Partial breakdown of the air occurs as a corona discharge on high voltage conductors at points with the highest electrical stress. As the dielectric strength of the material surrounding the conductor determines the maximum strength of the electric field the surrounding material can tolerate before becoming conductive, conductors that consist of sharp points, or balls with small radii, are more prone to causing dielectric breakdown. Corona is sometimes seen as a bluish glow around high voltage wires and heard as a sizzling sound along high voltage power lines. Corona also generates radio frequency noise that can also be heard as "static" or buzzing on radio receivers. Corona can also occur naturally at high points (such as church spires, treetops, or ship masts) during thunderstorms as St. Elmo's Fire. Although corona discharge is usually undesirable, until recently it was essential in the operation of photocopiers (xerography) and laser printers. Many modern copiers and laser printers now charge the photoconductor drum with an electrically conductive roller, reducing undesirable indoor ozone pollution. Additionally, lightning rods use corona discharge to create conductive paths in the air that point towards the rod, deflecting potentially-damaging lightning away from buildings and other structures.[2]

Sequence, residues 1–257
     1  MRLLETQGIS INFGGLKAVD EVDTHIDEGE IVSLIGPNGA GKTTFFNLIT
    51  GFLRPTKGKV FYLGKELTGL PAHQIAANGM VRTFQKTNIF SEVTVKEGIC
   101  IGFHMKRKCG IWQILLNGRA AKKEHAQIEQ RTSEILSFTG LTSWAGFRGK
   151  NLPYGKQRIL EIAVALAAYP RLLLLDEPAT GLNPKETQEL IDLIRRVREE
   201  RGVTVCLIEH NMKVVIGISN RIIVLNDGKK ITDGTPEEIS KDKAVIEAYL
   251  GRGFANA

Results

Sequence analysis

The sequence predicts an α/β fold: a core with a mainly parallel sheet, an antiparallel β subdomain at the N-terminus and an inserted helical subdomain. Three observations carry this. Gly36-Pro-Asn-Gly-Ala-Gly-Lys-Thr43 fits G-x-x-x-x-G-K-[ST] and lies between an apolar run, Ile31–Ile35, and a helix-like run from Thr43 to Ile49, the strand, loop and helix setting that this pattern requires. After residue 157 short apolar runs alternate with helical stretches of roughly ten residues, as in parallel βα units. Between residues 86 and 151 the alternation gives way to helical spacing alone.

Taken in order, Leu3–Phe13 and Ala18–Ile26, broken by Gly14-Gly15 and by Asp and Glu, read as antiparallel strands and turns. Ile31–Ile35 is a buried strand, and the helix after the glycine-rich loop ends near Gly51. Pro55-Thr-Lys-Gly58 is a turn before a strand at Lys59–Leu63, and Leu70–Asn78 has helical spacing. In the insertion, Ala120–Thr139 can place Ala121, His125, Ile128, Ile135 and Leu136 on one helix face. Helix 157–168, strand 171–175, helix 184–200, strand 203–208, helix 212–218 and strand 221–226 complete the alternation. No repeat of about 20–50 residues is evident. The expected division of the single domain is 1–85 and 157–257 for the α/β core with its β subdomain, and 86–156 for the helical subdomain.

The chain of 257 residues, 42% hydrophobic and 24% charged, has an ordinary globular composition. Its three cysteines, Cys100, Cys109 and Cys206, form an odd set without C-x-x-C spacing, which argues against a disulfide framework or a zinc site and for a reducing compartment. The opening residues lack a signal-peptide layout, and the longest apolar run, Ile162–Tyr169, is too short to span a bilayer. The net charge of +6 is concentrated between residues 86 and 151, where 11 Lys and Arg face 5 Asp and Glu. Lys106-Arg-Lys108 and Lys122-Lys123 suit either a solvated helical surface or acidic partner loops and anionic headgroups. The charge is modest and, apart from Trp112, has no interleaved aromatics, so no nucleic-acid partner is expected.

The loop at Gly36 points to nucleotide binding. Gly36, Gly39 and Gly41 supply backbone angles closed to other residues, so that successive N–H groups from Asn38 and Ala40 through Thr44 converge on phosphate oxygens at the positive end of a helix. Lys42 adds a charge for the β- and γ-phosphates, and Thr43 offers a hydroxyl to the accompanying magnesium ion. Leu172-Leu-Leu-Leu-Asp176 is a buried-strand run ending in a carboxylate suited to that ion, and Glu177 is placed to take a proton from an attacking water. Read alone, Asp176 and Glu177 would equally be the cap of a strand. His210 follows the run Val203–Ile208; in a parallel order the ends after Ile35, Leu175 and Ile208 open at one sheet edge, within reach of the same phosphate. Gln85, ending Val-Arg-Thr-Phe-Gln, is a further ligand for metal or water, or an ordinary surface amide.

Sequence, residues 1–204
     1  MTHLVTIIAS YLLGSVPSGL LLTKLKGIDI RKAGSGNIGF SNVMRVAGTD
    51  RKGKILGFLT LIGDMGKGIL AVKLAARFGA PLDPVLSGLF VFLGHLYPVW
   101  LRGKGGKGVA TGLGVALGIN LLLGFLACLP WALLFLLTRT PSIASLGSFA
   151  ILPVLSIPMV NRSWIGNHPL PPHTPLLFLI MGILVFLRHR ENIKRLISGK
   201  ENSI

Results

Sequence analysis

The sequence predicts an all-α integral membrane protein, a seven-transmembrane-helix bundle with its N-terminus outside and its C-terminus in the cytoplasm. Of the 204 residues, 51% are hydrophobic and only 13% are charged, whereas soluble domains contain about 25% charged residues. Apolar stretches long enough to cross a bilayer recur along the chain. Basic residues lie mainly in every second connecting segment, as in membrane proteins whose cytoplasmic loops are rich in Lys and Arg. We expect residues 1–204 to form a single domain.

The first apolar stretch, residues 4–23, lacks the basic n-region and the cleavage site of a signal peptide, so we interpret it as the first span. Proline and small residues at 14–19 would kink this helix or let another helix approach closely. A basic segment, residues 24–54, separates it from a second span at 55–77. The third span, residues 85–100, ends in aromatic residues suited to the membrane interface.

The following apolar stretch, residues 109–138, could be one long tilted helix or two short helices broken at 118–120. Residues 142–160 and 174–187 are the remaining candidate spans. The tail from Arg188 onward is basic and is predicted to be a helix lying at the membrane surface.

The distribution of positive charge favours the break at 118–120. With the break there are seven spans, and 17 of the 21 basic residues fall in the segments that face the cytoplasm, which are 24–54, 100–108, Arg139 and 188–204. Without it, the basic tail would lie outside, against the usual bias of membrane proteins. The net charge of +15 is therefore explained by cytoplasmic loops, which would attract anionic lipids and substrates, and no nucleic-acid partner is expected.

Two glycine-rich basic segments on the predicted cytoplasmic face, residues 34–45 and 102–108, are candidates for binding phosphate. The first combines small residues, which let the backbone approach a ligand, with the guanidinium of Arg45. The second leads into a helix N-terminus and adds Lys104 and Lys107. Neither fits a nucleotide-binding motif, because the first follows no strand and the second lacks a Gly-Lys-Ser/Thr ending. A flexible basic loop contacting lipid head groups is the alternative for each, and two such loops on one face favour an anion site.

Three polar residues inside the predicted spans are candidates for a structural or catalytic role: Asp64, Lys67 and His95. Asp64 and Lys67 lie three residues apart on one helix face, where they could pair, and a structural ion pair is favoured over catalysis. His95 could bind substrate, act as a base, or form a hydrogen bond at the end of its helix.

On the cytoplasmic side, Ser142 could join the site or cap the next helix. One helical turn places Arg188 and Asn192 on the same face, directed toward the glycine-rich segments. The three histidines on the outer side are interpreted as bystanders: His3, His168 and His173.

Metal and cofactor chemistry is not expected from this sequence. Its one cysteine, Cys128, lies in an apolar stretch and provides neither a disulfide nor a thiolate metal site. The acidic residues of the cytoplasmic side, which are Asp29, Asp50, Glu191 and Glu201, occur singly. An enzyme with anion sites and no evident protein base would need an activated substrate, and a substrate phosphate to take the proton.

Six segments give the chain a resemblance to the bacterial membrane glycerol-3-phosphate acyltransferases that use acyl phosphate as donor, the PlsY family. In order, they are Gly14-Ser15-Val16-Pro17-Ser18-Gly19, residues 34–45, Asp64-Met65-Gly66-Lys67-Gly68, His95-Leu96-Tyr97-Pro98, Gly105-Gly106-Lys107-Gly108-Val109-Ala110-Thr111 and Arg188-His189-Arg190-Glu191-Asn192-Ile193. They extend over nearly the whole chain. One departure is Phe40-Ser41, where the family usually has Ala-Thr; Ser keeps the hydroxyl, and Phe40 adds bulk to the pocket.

Corona discharge ozone generators have been used for more than 30 years in the water purification process. Ozone is a toxic gas, even more potent than chlorine. In a typical drinking water treatment plant, the ozone gas is dissolved into the filtered water to kill bacteria and viruses. Ozone also removes the bad odours and taste from the water. The main advantage of ozone is that the overdose (residual) decomposes to gaseous oxygen well before the water reaches the consumer. This is in contrast with chlorine which stays in the water and can be tasted by the consumer.

Corona discharges are also used to modify the surface properties of many polymers. An example is the corona treatment of plastic materials which allows paint or ink to adhere properly.

Dielectric breakdown within a solid insulator can permanently change its appearance and properties.

See also

Comparative Tracking Index
Electrostatic discharge, corona discharge, Partial discharge, Avalanche breakdown, Glow discharge, Direct current discharge, Lichtenberg figure, Electrical treeing, Townsend discharge, Arc Flash
Ignition coil, Oudin coil, Induction coil, Tesla coil
Nikola Tesla, Nikolay Semyonov, Robert J. Van de Graaff, Thomas Burton Kinraide


  1. ^ Hong, Alice (2000). "Dielectric Strength of Air". The Physics Factbook. http://hypertextbook.com/facts/2000/AliceHong.shtml. 
  2. ^ Young, Hugh D.; Roger A. Freedman and A. Lewis Ford (2004) [1949]. "Electric Potential". Sears and Zemansky's University Physics (11 ed ed.). San Francisco: Addison Wesley. pp. 886–7. ISBN 0-8053-9179-7.